Traverse City Record-Eagle


January 26, 2013

Letters to the Editor: 01/26/2013

Some bias legal

Mr. Newton asks in his Dec. 22 letter how you legalize discrimination. Mr. Newton and many others may not know that, in Michigan, discrimination is not only tolerated but mandated by state law.

Michigan selects a group of people using criteria beyond their control (those persons adopted within the state between 1945 and 1970) and prevents them from obtaining an official document freely available to all others — their original birth certificate.

Look in any dictionary and you'll see Michigan's treatment of these adult citizens fits the definition of discrimination, yet the state refuses to address this.

Discrimination has not ranked as an important issue with the State of Michigan for many decades and is not likely to improve any time soon.

Jim Mandenberg

Traverse City

Re-read Constitution

Now let me get this right. Barack Obama has a mandate to raise taxes, and not cut spending, because he was re-elected. But Gov. Snyder and the Republican State House and Senate don't have a mandate to pass conservative principled laws?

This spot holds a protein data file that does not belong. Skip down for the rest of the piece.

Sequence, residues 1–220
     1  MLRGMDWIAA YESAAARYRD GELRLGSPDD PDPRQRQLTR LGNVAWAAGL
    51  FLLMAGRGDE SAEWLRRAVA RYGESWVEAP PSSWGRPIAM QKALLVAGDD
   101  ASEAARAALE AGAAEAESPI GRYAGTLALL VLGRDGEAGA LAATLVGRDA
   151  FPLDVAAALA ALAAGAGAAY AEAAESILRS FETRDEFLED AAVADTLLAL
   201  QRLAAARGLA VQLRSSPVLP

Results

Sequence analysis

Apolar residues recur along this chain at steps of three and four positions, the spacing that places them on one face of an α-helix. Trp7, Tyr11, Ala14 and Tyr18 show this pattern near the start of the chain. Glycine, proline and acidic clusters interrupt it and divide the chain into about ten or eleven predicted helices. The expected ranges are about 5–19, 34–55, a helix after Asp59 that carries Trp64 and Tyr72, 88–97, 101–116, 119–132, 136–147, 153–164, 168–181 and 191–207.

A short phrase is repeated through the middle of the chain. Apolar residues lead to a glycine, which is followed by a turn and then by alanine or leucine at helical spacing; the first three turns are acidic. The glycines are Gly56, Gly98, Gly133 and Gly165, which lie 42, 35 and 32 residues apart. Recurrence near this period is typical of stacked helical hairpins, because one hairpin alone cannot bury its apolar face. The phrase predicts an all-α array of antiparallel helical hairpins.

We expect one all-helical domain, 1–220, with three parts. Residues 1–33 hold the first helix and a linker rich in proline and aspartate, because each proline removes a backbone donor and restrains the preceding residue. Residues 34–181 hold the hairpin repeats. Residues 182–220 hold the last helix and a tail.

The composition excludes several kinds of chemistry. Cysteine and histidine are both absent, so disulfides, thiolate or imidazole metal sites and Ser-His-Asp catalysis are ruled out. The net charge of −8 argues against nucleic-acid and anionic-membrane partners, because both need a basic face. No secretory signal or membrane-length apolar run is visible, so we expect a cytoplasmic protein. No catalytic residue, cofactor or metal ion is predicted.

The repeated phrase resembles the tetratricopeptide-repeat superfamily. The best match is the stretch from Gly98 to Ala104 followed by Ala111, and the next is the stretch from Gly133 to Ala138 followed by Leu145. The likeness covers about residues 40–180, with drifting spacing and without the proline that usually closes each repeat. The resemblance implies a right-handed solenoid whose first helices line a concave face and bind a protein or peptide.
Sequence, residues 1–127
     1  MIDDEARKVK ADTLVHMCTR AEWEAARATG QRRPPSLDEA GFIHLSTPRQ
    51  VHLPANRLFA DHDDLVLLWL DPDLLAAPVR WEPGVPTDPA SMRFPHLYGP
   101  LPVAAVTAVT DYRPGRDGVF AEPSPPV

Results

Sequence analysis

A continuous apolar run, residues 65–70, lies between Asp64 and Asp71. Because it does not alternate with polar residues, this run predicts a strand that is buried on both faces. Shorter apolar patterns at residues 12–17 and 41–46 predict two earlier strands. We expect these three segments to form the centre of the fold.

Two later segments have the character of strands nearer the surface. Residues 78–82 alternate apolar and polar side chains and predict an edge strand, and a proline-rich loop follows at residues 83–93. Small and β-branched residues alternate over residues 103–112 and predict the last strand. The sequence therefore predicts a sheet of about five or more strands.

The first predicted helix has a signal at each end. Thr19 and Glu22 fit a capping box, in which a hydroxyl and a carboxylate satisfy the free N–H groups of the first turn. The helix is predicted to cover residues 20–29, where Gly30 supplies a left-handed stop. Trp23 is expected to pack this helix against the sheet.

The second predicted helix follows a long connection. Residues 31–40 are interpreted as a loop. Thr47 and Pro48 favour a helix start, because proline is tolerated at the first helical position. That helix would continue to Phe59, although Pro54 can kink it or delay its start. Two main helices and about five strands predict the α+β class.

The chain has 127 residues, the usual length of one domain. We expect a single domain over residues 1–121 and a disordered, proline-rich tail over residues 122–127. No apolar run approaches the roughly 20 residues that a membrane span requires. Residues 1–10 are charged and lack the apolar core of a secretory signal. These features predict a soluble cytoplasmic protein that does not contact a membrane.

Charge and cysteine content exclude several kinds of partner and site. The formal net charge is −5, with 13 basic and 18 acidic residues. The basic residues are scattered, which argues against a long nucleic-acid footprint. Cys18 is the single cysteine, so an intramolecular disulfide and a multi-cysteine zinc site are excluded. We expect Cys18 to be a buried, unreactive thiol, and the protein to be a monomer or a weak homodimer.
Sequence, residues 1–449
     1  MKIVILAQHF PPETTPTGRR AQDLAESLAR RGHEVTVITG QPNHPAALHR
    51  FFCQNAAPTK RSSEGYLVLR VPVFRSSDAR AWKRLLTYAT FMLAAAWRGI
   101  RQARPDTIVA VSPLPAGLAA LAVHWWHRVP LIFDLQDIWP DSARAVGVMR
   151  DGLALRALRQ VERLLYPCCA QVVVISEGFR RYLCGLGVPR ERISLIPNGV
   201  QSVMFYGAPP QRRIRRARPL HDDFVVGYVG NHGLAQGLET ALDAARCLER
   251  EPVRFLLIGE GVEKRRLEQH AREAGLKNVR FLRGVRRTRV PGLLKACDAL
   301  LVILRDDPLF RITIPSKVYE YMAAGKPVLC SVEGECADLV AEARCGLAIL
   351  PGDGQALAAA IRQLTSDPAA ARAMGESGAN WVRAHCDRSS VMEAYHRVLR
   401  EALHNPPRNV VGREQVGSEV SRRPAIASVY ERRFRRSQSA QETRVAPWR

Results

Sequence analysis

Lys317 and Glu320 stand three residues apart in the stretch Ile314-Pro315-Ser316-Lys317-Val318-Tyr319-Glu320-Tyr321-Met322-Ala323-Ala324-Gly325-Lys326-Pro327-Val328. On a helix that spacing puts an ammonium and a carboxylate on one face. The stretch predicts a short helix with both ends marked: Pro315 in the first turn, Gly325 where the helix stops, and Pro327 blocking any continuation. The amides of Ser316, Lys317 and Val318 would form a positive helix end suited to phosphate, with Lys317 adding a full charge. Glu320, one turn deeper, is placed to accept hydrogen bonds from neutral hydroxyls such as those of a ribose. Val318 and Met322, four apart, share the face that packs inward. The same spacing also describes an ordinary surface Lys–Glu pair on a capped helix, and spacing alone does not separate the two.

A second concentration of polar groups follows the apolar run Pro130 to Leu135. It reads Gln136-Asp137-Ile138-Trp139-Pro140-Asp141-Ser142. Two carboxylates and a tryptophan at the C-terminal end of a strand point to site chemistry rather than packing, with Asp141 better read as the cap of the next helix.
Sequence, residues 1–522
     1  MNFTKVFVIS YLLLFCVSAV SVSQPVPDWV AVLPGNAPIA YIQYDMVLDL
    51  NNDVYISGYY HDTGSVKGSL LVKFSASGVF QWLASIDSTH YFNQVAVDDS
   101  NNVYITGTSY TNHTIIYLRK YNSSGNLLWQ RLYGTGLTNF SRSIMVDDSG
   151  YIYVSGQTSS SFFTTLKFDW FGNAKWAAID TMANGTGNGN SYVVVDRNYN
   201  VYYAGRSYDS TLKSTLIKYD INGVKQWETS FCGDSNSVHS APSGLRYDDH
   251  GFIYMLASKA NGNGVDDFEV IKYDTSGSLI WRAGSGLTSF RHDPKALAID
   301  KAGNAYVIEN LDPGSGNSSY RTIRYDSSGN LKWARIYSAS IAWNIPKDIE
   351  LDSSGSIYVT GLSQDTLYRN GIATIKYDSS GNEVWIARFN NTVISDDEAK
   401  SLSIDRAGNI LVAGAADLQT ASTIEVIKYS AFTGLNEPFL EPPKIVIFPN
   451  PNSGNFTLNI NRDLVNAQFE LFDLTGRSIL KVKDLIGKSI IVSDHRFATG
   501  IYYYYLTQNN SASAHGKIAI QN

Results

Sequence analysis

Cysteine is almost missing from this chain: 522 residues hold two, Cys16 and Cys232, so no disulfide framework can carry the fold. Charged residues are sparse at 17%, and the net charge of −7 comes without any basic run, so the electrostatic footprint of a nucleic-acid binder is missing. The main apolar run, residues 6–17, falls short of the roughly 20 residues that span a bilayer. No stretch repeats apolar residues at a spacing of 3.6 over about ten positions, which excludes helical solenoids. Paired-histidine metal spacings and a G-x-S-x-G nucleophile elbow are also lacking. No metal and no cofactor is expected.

Obamacare, crammed down our throats even though most of the nation did not want it, was great, a milestone.

But the Freedom to Work laws are a giant betrayal? Your reporting is one-sided, myopic and ridiculous.

Liberals insist on the right to choose to kill babies, and force me to pay higher and higher taxes for programs that I don't use, yet I can't have the right to choose to not belong to a union.

The Record-Eagle editors, and liberals, in general, need to re-read the Constitution.

David Thompson

Lake Ann

Do your homework

I write this to all current and prospective landlords. Do your research on potential renters.

I was naive enough to believe in the inherent goodness of most people and that people are what they seem.

There are renters out there who find the vulnerable and exploit them, even with valid leases.

When my renter emailed me saying, "Let me enlighten you about tenants' rights," I knew I'd been had.

Most rights are on the side of the tenant. If terms of the lease are not met, a landlord can take renters to court to evict them, but it takes time and money.

During that time they live rent-free and may damage the property. Then they slip away to do it all over again.

Small claims court? Even if you can find them, it's nearly impossible to get the money owed.

When telling others about my situation, many had horror stories of their own.

I was out about $4,000. It costs many landlords much more.

So get references, check them, and do a computer search.

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